The DRAM, Vol. 5(1) – Unexpectedly associated: Childhood mental ability and later heavy drinking


Cognitive epidemiology  is a small but growing area of research (Deary, 2005). Early studies in this field show a link between cognitive functioning and health (Deary & Batty, 2006); more recently, the field has connected mental ability to a variety of other behaviors, such as vegetarianism (Gale, Deary, Schoon, & Batty, 2007) and voting preferences (Deary, Batty, & Gale, 2008).  This week’s DRAM explores a study that links the mental ability of ten year old children to their drinking behavior as 40 year old adults (Batty, G.D., Deary, I.J., Schoon, I., Emslie, C., Hunt, K., et al. 2008).


  • Investigators associated with the 1970 British Cohort Study assessed the cognitive ability of 11,040 10 year olds and generated a mental ability score for each child (Butler N. & J., 1997).
    • The average mental ability score for the sample was 100 points; the standard deviation for this sample was 15 points.
  • Thirty years later, the researchers completed a follow-up survey with the participants (n=8,170; response rate = 74%), which assessed a number of alcohol-related variables, including participants’ responses to the CAGE  (Ewing, 1984).
  • The authors used ANOVA to examine the relationship between mental ability and CAGE response scores.


Figure. Proportion of sample who ever had a drinking problem (2 or more endorsements of CAGE questions) and childhood IQ score, by gender (adapted from Batty et al., 2008). Click image to enlarge. 
*p<.01; **p<.001

  • People who had higher mental ability scores as children were more likely to endorse CAGE questions than those who had lower mental ability scores as children.  This effect was stronger for women than men (see Figure).
  • Women who ever had an alcohol problem scored an average of 4.5 points higher on the mental ability assessment as girls than women without an alcohol problem; men with an alcohol problem scored an average of 1.7 points higher as boys (effect size of d=.31 for women and d=.11 for men).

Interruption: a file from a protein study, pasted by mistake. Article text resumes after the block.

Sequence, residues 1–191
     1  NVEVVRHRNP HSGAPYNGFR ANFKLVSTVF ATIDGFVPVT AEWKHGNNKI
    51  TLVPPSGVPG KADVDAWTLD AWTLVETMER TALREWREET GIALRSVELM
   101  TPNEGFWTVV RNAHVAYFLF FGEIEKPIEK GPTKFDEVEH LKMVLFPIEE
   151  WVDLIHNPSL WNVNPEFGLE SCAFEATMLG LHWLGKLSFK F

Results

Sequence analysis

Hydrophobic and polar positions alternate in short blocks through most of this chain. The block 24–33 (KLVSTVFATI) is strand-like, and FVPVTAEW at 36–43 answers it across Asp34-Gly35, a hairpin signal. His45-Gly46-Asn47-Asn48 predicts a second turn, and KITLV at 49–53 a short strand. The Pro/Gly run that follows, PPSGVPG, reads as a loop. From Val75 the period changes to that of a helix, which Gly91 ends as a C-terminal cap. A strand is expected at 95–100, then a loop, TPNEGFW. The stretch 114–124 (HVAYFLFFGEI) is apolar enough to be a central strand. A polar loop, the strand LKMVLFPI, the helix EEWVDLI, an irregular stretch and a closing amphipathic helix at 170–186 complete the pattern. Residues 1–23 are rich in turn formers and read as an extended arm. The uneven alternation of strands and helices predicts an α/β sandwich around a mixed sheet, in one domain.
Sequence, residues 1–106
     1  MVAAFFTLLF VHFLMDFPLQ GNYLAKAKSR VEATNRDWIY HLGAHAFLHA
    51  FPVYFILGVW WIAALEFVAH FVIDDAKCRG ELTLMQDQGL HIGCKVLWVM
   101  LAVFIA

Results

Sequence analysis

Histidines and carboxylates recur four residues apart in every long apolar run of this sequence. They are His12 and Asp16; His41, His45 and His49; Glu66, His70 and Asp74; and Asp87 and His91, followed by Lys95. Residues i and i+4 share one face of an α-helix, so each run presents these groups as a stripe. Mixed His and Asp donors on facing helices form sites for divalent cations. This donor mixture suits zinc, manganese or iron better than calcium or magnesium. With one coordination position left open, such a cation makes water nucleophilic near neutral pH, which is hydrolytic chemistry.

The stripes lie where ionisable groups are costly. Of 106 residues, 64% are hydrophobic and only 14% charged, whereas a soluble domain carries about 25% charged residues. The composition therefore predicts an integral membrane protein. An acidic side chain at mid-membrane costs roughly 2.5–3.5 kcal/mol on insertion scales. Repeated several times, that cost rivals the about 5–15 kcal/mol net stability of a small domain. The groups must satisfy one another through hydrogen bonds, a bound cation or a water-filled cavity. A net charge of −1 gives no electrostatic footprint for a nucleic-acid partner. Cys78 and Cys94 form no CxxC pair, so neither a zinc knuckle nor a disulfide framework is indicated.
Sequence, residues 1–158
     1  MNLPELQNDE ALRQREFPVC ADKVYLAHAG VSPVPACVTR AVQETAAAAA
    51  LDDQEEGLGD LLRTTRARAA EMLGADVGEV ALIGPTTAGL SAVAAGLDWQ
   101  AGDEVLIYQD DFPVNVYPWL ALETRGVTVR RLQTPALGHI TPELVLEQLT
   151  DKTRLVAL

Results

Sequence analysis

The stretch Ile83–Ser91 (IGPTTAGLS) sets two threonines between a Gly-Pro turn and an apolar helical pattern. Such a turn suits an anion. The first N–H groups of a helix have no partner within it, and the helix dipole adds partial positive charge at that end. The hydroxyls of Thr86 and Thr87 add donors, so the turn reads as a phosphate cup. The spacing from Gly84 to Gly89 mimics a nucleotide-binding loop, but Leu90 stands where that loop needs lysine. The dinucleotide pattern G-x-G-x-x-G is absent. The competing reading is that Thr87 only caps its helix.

• The researchers collected drinking information using participants’ self report.
  • The researchers measured a small number of potential mediators, so an unmeasured variable could influence the relationship between childhood mental ability and later drinking problems.
  • The researchers used mental ability scores, which were derived from a short-hand test of cognitive function and might not accurately represent the participants’ mental ability.
  • The final analyses of alcohol problems did not include over a quarter of adults who, as children, enrolled in the study.  Those lost to follow-up might have had more – or less – severe alcohol problems than those included in the final analyses.
  • Without a conceptual framework to explain the relationship between childhood mental ability and later drinking problems, the meaningfulness of this association is difficult to interpret.

The reason behind the mental ability-drinking relationship is not clear, and there is not yet a theoretical framework to offer an explanation. Those with a high mental ability might be more willing to report drinking patterns, have more expendable income, or are members of social groups that are more accepting of drinking. The relationship might be more complicated: mental ability merely might serve as a proxy for some other unmeasured variables.  A theoretical framework to explain this relationship is necessary to interpret the importance of this association and provide the guide for further research.

—Leslie Bosworth

What do you think? Please use the comment link below to provide feedback on this article.


Batty, G. D., Deary, I. J., Schoon, I., Emslie, C., Hunt, K., & Gale, C. R. (2008). Childhood Mental Ability and Adult Alcohol Intake and Alcohol Problems: The 1970 British Cohort Study. American Journal of Public Health, 98(12).

Butler N., & J., B. (1997). 1970 British Cohort Study: Ten-Year Follow-Up. Colchester, England: UK Data Archive.

Deary, I. J. (2005). Intelligence, health and death: the new field of cognitive epidemiology. Psychologist, 18, 610-613.

Deary, I. J., Batty, D. G., & Gale, C. R. (2008). Childhood intelligence predicts voter turnout, voting preferences, and political involvement in adulthood: The 1970 British Cohort Study. Intelligence, 36(6), 548-555.

Deary, I. J., & Batty, G. D. (2006). Commentary: Pre-morbid IQ and later health—the rapidly evolving field of cognitive epidemiology. International Journal of Epidemiology, 35(3), 670-672.

Ewing, J. A. (1984). Detecting alcoholism: The CAGE questionnaire. Journal of the American Medical Association, 252(14), 1905-1907.

Gale, C. R., Deary, I. J., Schoon, I., & Batty, G. D. (2007). IQ in childhood and vegetarianism in adulthood: 1970 British cohort study. British Medical Journal, 334(7587), 245.

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